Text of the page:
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Why the ‘Year Long Test’ to Get “The Surgery” is Kind of BS

testI’m now 9 months into what my gender specialist calls my ‘Year Long Test’, or what I simply call the rest of my life. For those who may be unfamiliar, The Test is the period of time a trans person must live as the gender of their identity in order to qualify for GRS, or as 99% of the population knows it, The Surgery. Ugh, nothing like a slew of capital ‘The’s’ to seriously aggrandize everything. Anyway, I got thinking about this and have a few bits to share.

My first thought on hearing about this requirement was, “How ridiculous. If I know, I know.” My specialist begged to differ and painted it as a huge event upon which the rest of my life would be based, if I even ever got to that point. I humored him to some degree, but took exception to every instance he brought it up. “When you start your Real Life Test…” Hmm? Oh, yeah, you mean when I’ve finally managed to come out to everyone and start living the rest of my existence correctly? I didn’t say I wasn’t a difficult patient, and I suspected he had a well justified voodoo doll of me locked in his desk drawer that he used to make sure I could not find my car upon leaving. I don’t blame him; I’m just saying.

My point of view was very simplistic as I’ve said. The hard part was the long and painstaking effort of telling everyone, but once they knew, I felt weird and uncomfortable around them presenting myself as male as it didn’t exactly jibe with what I revealed. I hated that and knew in my heart of hearts that the real effect was adding to the habit they had of calling me “Mike” and referring to to me as “him”. Once I went full time, it would be pure bliss and I could not imagine ever wanting to go back for even a second.

Well, we live and learn now, don’t we? I will say that I have never considered for a moment going back, but I do see why temptation might present itself. All the big firsts were no-sleepers leading up, like the first day of work, first presenting myself to my family, my child, and old friends. Less stressful, but still on the mind were the first time to the grocery store, taking my son to a birthday party, and my favorite hardware store. Quick note on the last one. The boys at Hector’s never blinked when I came in looking for something and were as friendly and helpful as always in finding the exact right thing to repair a steel cable the dog managed to chew through. Compared to the alternative, however, no contest.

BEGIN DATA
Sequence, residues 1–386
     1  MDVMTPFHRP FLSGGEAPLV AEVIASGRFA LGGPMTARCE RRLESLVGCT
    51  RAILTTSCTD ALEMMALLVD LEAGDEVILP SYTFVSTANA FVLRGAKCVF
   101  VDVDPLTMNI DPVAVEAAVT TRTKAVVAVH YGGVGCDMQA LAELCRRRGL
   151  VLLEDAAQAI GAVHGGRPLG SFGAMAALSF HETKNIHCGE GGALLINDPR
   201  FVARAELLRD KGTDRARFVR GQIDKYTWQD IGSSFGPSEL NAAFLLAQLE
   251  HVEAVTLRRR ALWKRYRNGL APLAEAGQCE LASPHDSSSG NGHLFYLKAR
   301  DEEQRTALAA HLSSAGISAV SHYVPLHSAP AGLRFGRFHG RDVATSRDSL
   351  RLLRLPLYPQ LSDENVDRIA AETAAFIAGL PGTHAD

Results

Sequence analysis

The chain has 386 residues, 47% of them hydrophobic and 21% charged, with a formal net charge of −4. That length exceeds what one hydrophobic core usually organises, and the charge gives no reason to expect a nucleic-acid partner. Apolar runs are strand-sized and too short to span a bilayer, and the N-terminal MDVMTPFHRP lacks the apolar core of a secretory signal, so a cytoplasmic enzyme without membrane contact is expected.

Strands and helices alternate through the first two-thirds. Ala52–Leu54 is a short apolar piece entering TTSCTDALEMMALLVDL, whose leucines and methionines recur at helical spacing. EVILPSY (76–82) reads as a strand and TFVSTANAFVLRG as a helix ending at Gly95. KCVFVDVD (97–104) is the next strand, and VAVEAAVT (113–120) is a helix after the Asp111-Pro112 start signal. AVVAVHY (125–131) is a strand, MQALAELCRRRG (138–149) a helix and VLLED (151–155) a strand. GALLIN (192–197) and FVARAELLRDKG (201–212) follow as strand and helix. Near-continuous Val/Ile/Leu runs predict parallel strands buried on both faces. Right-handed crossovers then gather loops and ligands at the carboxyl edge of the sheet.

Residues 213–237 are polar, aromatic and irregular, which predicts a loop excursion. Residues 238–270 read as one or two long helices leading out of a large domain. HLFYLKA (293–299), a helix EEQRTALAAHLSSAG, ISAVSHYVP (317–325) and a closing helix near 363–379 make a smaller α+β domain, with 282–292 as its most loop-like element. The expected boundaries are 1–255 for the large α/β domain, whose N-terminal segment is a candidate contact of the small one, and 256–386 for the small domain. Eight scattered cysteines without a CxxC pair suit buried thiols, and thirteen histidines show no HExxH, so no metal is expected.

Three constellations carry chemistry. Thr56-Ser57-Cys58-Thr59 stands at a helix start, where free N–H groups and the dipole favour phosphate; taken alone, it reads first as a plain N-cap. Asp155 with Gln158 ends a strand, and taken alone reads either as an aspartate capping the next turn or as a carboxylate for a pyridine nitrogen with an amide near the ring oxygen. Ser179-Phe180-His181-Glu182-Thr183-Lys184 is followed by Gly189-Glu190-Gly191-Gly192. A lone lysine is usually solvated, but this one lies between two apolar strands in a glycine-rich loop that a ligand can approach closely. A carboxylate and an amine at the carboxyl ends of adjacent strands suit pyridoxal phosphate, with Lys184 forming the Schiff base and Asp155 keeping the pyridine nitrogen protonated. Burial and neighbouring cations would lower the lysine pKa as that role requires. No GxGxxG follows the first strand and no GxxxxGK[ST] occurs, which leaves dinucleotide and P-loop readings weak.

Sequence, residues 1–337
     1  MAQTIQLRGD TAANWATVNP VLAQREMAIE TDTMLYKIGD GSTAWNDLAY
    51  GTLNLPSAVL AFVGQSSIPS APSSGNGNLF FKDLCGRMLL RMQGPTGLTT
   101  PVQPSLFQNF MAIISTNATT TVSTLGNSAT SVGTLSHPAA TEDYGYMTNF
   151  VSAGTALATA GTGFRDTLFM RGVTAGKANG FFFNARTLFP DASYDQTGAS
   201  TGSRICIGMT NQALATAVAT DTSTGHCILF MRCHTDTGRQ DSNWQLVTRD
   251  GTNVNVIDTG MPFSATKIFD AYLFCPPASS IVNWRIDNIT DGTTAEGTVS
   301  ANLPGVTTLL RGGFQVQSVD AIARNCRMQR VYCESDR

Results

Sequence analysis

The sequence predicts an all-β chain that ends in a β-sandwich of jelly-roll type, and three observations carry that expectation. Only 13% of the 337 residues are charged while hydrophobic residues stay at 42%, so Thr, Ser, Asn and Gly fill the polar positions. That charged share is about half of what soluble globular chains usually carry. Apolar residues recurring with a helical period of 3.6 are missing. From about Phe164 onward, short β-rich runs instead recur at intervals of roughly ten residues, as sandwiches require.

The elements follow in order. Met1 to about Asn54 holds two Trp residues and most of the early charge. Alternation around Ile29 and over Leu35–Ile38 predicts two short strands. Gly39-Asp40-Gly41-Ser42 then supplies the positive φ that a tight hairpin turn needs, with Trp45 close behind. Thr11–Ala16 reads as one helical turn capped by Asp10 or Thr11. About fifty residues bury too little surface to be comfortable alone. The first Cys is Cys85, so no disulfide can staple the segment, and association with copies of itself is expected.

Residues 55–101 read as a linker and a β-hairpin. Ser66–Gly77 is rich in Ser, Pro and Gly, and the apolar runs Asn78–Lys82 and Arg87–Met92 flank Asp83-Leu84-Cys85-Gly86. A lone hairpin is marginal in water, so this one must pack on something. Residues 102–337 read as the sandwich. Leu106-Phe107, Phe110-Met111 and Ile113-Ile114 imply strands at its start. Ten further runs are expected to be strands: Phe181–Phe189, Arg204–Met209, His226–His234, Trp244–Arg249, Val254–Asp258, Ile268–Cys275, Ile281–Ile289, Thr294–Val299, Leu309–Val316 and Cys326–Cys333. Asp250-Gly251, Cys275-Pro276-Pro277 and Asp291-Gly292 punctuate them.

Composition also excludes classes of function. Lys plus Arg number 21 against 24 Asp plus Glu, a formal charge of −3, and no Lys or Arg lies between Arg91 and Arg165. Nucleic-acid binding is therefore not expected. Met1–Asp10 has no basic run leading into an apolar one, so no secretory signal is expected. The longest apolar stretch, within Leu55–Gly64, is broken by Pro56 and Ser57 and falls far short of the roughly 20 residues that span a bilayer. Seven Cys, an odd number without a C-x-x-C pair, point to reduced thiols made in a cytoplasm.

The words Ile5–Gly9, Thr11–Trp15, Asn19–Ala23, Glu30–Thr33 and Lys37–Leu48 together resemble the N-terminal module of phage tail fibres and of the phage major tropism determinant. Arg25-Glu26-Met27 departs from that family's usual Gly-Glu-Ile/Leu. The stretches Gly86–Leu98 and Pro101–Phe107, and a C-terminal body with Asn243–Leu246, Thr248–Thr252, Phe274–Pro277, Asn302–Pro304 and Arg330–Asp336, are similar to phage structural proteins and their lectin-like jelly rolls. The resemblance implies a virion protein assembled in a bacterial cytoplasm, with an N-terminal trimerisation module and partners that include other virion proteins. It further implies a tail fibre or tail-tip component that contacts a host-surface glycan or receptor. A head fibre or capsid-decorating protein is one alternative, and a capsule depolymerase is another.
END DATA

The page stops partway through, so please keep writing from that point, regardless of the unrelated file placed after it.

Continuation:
From a different point of view, things might have been different. If I didn’t have the ability to tune out the rest of the world and walk around in a state of blissful dissociation, there is the possibility that the stares would get to me. I don’t actually notice them myself, but my spouse does. If I lost my job and went on 42 interviews where I could tell I was dead in the water just walking through the door, an element of despair may have crept in. If I had no patience for the hour it took to make it out the door after discovering I only had 1 egg left when I needed 2, I may have had second thoughts.

Although I think it may be the exception rather than the rule, I can see where a yearlong test might be useful in seeing if you are ready to live and work as the gender opposite that on your original birth certificate. I consider myself lucky for having the personality I do, not to mention the elements of sheer luck that fell in my favor. Life can grind someone down, even if pursuing something so important and integral to their identity. Now for the big question.

Many aspects of the medical intervention aspect of transition are purely for the comfort of having one’s physical attributes match gender identity. If life becomes so heinous that social transition to the gender of best fit is in no way sustainable, does this change the desire to have one’s body match what is in their head? GRS is not really going to change any aspect of my non-romantic social life. No one is going to be able to see the change and the only marginal benefit is being able to wear slightly tighter pants, which let’s be honest, I probably shouldn’t do anyway. So why the assumption that failing the social Real Life Test means a person is going to be any more comfortable with what lies below the belt?

I believe the assumption is that for those of us who feel so strongly that GRS is an absolute necessity, we will do whatever it takes to grin and bear it through that year. Failure to do so must be indicative that the person is not really transsexual, or at least not sufficiently so to also have a deep personal need to make physical changes. This looks like a big whooping case of flawed logic to me. If the WPATH goal is the alleviation of suffering and the possibility of a fulfilled happy life, taking a rigid stand on this might be hugely counterproductive in certain cases.  Life circumstances can rarely be boiled down to a cold Boolean logic scenario where if A, then B; if not A, then not B, where A is the Real Life Test and B is GRS. In the words of Dennis Miller, “That is my opinion; I could be wrong.” I don’t think so though.